News now of some mind-bending light bending… US researchers at Providence, Rhode Island-based Brown University and Rice University in Houston, Texas, have found a way to make light beams bend around walls, buildings, furniture and other obstructions (including people). The naturally healthy Brown/Rice R&D team exploited the properties of “self-accelerating beams” of electromagnetic waves that naturally bend or curve to one side as they move through space and preserve their shape whilst propagating along curved trajectories in free space or on a surface. A paper on the subject, ‘Curving THz wireless data links around obstacles’, is published in the current edition of Communications Engineering. It explains that the ever-increasing volumes of data being transmitted over microwave wireless networks are affecting performance, so network operators are lobbying for a new data transmission standard for terahertz (THz) spectrum bands. Such a standard would permit the carriage of 100 times more data than is possible across current wireless links, but it also comes with the challenge that millimetre-wave and THz wireless networks are line-of-sight methodologies, which means data transmission can be blocked by most solid objects. The Brown/Rice solution is based on the presumption that users are “likely to be located within the electromagnetic near-field of the base station, which opens the possibility to engineer wave fronts for link maintenance”, adding that curved beams “carrying data at high bit rates, can realise a link by curving around an intervening obstacle.” The results show that trajectory engineering of near-field wave fronts (ie. the part of an electromagnetic field closest to the emitting source) will be an important tool in future physical layer implementations of wireless networks. It is known that different beams are required to establish links in different conditions, and, as is the case where beam steering with phased arrays is necessary today, transmitters will require sensing capabilities to determine the precise parameters of the curved beam needed to close the link, and that obviously depends on the type, size and shape of an obstacle itself. The paper claims the development “opens vast new possibilities for wave front management in directional wireless networks.” While the researchers accept that their efforts do not solve all data transmission challenges, it shows that engineered wave fronts can (literally) get around obstacles without the need to rely on complex non line-of-sight paths and the paper envisages the development of base stations that can dynamically reconfigure from one wave front to the next as conditions change.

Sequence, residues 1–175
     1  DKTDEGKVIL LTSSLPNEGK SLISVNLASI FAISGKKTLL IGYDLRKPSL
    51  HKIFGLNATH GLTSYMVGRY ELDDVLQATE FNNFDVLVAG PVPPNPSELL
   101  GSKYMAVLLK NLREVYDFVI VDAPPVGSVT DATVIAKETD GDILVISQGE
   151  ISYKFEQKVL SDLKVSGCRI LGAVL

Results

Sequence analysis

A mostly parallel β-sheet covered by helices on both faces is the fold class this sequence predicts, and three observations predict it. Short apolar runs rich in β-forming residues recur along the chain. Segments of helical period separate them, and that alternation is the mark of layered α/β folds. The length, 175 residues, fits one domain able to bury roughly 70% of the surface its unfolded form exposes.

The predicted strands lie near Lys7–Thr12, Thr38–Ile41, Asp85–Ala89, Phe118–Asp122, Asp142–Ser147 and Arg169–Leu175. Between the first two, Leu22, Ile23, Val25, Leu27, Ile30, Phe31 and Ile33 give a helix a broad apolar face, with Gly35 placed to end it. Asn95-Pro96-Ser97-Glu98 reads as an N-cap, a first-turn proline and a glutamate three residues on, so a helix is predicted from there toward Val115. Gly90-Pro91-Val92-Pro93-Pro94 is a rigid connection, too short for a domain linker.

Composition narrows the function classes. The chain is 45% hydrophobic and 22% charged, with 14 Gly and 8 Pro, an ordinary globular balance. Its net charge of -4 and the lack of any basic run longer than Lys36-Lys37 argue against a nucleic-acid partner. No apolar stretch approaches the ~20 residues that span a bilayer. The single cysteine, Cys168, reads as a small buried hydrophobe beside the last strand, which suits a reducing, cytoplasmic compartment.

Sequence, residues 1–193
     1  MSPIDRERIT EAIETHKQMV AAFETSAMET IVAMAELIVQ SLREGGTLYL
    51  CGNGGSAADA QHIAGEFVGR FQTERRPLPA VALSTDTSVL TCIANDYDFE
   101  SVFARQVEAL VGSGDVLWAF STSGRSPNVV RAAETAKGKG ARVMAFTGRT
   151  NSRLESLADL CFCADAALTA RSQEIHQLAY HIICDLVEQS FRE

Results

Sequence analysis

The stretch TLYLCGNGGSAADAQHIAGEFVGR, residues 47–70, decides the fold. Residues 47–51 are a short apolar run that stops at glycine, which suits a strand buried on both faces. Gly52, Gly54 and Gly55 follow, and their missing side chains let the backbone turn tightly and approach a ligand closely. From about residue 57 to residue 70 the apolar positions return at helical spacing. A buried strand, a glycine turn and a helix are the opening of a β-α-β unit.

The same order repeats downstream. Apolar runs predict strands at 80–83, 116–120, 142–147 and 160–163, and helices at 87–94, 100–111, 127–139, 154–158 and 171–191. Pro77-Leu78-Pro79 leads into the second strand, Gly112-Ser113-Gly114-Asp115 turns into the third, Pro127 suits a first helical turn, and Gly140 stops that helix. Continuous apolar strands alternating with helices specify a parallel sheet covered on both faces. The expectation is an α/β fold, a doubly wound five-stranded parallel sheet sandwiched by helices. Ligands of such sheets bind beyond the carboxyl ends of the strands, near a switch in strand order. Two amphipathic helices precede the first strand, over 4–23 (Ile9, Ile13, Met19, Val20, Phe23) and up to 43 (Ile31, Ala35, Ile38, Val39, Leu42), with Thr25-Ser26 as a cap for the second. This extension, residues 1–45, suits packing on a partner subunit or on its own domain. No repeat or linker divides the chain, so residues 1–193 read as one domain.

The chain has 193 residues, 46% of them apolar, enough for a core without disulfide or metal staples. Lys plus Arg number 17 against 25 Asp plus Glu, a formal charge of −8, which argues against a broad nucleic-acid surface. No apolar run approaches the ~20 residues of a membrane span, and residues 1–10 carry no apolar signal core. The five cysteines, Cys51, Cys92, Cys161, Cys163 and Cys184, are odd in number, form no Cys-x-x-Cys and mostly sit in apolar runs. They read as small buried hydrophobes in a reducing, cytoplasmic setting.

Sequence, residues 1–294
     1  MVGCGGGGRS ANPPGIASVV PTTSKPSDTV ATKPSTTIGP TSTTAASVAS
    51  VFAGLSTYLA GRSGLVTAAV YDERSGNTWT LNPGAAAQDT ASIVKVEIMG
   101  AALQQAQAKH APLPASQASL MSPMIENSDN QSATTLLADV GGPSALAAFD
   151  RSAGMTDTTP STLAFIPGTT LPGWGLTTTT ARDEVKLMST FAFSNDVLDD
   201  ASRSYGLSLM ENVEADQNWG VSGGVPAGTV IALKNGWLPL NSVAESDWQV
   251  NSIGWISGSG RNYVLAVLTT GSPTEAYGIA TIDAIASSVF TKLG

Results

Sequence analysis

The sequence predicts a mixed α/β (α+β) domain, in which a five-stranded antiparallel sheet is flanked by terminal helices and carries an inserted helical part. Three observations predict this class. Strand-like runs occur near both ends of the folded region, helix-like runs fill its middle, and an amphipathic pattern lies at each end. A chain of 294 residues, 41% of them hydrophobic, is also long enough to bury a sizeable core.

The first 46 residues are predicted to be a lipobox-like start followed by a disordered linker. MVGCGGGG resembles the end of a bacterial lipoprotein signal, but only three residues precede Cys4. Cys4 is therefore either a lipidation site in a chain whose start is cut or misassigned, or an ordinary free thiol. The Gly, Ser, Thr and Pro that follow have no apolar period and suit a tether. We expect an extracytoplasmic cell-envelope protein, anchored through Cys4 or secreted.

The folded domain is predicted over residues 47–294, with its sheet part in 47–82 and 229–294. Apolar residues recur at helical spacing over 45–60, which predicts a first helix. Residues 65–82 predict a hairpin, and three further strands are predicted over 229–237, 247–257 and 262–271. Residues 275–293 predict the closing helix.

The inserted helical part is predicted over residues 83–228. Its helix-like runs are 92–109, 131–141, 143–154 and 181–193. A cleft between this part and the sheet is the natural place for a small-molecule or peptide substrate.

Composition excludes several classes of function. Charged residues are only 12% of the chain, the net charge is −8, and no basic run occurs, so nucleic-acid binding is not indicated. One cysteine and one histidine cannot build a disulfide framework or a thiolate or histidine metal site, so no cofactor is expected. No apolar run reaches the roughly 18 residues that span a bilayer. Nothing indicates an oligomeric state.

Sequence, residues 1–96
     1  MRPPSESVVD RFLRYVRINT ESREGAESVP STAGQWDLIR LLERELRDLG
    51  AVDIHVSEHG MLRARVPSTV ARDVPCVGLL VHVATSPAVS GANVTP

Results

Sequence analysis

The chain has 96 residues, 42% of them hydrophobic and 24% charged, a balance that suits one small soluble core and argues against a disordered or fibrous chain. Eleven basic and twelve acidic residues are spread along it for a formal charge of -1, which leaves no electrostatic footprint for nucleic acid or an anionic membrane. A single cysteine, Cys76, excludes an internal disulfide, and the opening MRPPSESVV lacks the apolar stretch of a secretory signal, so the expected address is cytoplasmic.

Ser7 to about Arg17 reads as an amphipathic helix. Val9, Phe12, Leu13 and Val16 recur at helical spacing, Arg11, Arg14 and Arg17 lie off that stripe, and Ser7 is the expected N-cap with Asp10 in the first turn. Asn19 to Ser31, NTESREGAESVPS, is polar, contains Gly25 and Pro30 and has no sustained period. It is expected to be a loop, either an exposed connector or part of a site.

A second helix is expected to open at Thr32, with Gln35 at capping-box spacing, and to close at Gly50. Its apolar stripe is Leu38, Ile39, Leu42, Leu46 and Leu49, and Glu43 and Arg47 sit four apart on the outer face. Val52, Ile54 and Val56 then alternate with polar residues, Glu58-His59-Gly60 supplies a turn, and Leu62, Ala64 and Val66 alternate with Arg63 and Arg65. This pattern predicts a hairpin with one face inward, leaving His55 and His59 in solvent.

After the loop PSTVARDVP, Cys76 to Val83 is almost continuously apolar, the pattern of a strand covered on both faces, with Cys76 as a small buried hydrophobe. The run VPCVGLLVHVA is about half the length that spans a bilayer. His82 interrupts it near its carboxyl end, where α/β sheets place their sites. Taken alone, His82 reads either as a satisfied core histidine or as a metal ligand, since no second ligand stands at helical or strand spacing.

- The staff, TelecomTV